The November issue’s focus on immigrants touched me deeply. Have we forgotten that we all have relatives who came here from somewhere else? Have we been here so long that we have ceased to remember our own stories?
Madeline Ostrander’s interview with Pramila Jayapal [“Without a Country,” November 2008] is the best piece on immigration I’ve ever read. Immigrants are blamed for so much, while employers and consumers reap the benefits of their cheap labor. For years I have wished immigrants could organize a walk-off strike for a month so that everyone would finally realize all that they do for us.
The U.S. immigration system is broken, and Congress knows this but isn’t courageous enough to address the problem. It’s sad that our so-called democracy is ruled by the love of money, which creates most of the injustices immigrants face.
When I read the interview with Pramila Jayapal, I felt a small surge of hope. She was so articulate, so reasonable, that for the first time I could see the immigration problem as our problem and not just a problem for people trying to make a new start here or businesses trying to find employees. It is a problem for me as a citizen and a human being with a modicum of compassion.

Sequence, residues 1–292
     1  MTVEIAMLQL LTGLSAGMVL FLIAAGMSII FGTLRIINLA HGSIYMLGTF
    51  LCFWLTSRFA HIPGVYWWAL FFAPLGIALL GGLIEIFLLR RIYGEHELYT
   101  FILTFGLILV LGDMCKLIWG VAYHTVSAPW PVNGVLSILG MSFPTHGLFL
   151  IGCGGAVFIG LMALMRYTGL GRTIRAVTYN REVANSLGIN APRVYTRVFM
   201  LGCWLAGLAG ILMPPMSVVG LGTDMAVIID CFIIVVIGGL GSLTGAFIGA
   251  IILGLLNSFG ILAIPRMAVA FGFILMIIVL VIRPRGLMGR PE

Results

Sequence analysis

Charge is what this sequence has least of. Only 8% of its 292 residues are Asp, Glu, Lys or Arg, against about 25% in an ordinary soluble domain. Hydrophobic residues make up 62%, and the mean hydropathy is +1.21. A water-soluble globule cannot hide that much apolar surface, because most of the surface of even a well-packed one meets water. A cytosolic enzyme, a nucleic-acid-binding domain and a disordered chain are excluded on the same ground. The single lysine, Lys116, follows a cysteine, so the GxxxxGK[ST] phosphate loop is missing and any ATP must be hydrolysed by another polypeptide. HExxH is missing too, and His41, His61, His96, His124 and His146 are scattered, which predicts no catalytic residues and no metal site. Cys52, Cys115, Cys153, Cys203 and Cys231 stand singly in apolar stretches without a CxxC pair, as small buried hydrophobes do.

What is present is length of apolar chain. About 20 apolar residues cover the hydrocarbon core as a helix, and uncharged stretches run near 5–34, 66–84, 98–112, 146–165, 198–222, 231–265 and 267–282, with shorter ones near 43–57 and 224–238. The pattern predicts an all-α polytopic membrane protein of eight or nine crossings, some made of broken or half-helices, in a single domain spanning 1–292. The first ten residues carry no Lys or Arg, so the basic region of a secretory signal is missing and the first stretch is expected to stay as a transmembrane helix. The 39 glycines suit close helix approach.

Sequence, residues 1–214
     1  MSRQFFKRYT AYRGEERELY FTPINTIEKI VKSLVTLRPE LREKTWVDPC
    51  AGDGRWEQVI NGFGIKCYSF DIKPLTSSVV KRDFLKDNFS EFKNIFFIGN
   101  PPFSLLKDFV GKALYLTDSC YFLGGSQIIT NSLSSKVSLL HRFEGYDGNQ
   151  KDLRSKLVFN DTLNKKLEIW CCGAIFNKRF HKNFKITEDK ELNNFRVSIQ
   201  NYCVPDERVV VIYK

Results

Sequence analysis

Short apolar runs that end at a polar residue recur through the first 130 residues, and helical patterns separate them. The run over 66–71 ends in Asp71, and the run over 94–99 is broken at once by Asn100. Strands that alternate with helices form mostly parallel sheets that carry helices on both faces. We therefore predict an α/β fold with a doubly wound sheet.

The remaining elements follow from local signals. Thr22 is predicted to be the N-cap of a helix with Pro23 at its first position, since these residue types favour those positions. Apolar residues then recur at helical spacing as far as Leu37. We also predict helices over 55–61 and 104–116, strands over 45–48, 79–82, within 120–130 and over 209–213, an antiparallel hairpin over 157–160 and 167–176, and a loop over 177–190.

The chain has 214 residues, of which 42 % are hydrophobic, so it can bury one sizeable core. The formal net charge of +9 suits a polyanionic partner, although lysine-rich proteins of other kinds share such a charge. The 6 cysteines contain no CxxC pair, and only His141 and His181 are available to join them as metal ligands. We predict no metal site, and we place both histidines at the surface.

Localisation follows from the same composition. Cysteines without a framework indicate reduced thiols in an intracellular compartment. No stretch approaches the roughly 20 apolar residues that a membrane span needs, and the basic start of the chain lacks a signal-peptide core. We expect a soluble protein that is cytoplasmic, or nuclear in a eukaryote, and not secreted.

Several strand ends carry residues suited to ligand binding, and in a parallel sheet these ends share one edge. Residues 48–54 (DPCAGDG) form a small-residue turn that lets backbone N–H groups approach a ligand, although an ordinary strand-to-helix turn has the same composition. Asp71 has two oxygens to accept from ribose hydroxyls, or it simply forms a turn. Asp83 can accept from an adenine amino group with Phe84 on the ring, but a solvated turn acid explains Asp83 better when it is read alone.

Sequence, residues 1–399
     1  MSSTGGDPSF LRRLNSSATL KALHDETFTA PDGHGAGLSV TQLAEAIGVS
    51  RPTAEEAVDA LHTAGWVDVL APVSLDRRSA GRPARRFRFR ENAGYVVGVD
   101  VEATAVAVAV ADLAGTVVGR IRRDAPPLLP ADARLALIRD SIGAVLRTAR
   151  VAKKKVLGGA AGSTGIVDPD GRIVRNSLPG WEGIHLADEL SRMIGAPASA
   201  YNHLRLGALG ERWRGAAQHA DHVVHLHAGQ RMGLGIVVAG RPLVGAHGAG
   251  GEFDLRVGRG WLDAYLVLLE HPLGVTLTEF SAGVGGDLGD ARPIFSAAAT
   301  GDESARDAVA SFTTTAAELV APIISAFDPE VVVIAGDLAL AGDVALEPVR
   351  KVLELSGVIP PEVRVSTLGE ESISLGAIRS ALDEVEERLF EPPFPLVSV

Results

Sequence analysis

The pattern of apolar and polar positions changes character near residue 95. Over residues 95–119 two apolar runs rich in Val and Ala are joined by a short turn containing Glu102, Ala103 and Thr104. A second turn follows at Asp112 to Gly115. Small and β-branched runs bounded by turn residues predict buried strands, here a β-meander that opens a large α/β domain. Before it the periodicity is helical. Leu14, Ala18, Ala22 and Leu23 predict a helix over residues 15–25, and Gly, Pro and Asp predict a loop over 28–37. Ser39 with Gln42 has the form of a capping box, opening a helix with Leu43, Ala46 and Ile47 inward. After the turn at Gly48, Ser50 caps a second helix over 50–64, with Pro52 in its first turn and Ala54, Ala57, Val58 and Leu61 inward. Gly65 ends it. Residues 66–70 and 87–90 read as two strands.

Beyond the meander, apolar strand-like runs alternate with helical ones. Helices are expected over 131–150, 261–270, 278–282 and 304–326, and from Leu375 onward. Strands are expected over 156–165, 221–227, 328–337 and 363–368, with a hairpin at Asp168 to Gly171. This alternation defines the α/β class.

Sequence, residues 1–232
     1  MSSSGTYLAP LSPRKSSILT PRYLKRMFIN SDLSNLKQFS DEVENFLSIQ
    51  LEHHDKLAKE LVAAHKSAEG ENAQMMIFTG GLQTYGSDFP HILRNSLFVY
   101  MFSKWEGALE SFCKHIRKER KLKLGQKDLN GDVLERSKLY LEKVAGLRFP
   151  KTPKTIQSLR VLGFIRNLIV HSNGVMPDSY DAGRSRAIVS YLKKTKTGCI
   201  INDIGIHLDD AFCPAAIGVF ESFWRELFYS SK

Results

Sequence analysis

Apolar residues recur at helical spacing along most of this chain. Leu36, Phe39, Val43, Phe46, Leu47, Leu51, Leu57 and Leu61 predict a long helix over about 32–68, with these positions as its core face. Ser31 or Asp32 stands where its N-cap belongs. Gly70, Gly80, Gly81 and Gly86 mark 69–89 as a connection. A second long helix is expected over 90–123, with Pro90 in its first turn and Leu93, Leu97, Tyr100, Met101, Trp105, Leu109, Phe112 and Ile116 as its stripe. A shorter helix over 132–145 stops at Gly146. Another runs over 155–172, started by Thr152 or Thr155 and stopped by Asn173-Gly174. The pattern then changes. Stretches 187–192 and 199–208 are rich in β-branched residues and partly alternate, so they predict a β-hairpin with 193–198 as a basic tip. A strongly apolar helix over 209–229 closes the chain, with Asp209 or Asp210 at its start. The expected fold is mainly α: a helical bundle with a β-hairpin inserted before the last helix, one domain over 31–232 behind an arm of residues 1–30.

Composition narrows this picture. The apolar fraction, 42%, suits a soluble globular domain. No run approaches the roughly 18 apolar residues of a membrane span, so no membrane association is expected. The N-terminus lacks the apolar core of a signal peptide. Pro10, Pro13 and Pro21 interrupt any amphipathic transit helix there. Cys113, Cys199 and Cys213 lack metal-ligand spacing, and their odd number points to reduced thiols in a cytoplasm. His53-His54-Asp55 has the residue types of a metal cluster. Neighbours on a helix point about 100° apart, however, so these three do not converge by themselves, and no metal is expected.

In this era of politically motivated spin, Jayapal’s clarity is refreshing. If all I can do is write to my representatives in Washington, at least now I can do it with a better understanding of the issue.
I am offended by Pramila Jayapal’s statements about immigrants. She has no regard for the fact that some immigrants are not here legally. She says they “forgot” to renew their visas or they can’t read the paperwork. Then how are some of them going to school here if they can’t even read English? Immigrants used to learn English so they could become part of society.
When I was out of work, I went looking for any job, including service jobs. I, an American citizen, was turned down while immigrants, both illegal and documented, were given those jobs. I ended up on welfare.
There is another side to this story.
I’ve just begun a relationship with a beautiful young Brazilian who has a good heart and a fine work ethic but no green card. So I was happy to read Poe Ballantine’s authentic, unpretentious essay on his problematic life with his Mexican wife [“Cristinaland,” November 2008]. I took issue with just a single word in the essay — the last one. He ended his piece by saying that after passing her citizenship test, Cristina became an “American.”